Welcome to the music playing inside my head. It won’t necessarily play to everyone’s taste, and that’s as it should be. It’s my damned blog, and I’ll do with it as I please.
In 2018, I’ve resolved to offer a musical recap every two months. For those just tuning in, note that I no longer can carry a tune across the street without breaking both legs, but music’s still playing in my head every waking moment.
I’m completely convinced that when the music stops playing, death will be near.
In addition, I’m the quintessential old fogey’s stogie when it comes to music; no iTunes or playlists for me. Perversely, no vinyl, either; my albums are stacked over at the Public House, and I don’t own a turntable.
As with books, each year I research and buy those CDs that seem best suited to my tastes. They’re usually augmented with impulse buys and random excursions, and of course I listen to snippets of radio, YouTube and the like.
Before proceeding, here is another vicious and deadly accurate assessment of my deteriorating condition. Still talkin’ ’bout my generation? That’s nice, but my generation is utterly irrelevant insofar as its album-oriented preferences are concerned.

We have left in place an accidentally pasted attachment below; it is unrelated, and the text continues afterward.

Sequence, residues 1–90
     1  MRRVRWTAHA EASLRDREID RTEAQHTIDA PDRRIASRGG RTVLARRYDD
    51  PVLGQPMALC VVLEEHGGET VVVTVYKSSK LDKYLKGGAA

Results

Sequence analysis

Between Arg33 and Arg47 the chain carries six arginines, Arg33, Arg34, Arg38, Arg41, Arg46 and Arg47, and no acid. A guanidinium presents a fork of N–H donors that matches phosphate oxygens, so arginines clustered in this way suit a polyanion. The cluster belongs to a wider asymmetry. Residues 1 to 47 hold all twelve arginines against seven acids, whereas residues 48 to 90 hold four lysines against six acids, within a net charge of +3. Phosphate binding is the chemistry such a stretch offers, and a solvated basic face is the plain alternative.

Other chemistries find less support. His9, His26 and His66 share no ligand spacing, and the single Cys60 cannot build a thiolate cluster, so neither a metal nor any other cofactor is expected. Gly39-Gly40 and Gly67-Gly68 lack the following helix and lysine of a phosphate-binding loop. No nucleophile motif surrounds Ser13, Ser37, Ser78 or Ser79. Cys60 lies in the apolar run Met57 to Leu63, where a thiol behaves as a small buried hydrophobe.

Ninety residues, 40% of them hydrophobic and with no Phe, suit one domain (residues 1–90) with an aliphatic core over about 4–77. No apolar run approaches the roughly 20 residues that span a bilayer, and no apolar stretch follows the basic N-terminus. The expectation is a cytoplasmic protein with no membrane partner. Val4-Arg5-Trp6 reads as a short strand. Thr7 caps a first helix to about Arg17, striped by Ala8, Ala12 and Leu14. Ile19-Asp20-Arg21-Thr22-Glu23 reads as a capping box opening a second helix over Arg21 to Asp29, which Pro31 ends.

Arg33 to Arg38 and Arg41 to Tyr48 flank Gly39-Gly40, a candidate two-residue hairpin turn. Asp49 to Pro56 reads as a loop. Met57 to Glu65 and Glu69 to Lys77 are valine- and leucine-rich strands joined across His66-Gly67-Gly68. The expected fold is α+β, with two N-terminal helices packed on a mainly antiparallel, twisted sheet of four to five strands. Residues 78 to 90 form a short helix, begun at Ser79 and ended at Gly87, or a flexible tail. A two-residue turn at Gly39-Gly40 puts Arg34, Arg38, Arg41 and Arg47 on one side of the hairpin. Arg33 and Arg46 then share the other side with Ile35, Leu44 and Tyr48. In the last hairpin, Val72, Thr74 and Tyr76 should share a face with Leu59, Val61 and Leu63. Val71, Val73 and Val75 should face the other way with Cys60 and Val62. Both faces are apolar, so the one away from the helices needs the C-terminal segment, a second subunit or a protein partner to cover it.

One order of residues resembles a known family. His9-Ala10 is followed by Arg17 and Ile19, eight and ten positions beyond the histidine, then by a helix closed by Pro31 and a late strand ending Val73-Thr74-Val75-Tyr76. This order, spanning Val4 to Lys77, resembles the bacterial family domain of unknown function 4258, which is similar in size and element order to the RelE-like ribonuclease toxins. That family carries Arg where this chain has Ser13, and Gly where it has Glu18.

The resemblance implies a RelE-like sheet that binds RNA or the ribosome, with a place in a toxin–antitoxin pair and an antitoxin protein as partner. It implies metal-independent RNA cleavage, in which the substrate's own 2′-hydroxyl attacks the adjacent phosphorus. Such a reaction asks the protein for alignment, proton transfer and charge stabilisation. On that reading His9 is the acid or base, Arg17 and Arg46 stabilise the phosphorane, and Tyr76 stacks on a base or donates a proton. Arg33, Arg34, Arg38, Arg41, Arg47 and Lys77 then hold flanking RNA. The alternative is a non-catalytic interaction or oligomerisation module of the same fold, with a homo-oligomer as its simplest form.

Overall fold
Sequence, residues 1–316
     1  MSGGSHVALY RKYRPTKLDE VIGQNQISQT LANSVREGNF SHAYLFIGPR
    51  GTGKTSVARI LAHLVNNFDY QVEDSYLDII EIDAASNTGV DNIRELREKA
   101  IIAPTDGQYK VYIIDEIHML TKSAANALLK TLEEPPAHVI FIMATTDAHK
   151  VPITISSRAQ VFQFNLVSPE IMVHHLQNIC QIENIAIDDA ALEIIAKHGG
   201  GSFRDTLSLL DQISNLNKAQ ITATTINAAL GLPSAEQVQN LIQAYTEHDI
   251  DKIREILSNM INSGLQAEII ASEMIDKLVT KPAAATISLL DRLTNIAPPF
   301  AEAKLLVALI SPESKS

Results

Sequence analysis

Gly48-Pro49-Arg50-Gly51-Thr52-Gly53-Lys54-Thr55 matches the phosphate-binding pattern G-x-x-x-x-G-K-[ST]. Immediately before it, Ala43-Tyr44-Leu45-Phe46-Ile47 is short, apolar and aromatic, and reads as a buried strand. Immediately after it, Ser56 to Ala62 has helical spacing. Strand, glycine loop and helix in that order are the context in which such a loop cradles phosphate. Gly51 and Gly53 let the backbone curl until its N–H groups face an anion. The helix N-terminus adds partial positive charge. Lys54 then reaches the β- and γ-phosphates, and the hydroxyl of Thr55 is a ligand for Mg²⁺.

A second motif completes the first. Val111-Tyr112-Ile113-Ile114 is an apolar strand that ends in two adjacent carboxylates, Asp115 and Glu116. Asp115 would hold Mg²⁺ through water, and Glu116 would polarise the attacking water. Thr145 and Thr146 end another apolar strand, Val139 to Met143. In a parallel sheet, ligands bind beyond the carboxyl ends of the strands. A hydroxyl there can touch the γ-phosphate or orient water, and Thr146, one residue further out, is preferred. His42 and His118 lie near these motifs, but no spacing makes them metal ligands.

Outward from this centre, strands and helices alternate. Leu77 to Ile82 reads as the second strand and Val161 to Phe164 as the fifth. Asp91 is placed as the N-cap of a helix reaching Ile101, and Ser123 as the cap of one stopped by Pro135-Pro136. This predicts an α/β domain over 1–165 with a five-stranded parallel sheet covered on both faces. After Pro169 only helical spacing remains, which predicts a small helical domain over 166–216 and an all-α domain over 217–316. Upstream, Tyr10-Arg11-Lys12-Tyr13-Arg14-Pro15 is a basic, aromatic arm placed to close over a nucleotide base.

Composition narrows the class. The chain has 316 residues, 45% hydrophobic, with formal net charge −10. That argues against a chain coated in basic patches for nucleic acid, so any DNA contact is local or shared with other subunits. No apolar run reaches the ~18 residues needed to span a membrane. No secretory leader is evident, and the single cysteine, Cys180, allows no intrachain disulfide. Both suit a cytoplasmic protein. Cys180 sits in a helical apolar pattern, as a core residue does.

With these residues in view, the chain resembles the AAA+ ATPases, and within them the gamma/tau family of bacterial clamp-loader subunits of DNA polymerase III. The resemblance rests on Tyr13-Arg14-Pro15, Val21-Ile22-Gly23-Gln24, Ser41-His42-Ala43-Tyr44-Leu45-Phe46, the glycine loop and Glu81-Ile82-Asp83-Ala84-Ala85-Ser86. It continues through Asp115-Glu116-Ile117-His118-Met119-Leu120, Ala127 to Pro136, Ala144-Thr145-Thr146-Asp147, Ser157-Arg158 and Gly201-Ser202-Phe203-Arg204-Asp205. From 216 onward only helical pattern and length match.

The Album Is in Deep Trouble – and the Music Business Probably Can’t Save it, by Tim Ingham (Rolling Stone)
Sales are plummeting, and the music industry is returning to the era of track-led consumption. Is the LP doomed?
Make no mistake, the album is fighting for its life.
Sales of music’s most beloved format are in free fall in the United States this year. According to figures published by the RIAA (Recording Industry Association of America), the value of total stateside album sales in the first half of 2018 (across download, CD and vinyl) plummeted by 25.8 percent when compared with the first half of 2017.
If that percentage decline holds for the full year, and there’s every indication it will, annual U.S. album sales in 2018 will end up at half the size of what they were as recently as 2015. To put it more plainly, U.S. consumers will spend around half a billion dollars less on albums this year than they did in 2017.
The CD album is, predictably, bearing the brunt of this damage. After a comfortable 6.5 percent drop in sales in 2017, in the first half of 2018, revenues generated by the CD album in the USA were slashed nearly in half – down 41.5 percent, to $246 million …
Broadly speaking, these selections are listed in order of impact, but there are bits of value in them all. Links are to reviews with which I agree, except for Bill Champlin’s album; it seems to have been reviewed nowhere.
Finally, a belated catch from 2016, which would be near the top if this list were not intended to reflect new releases.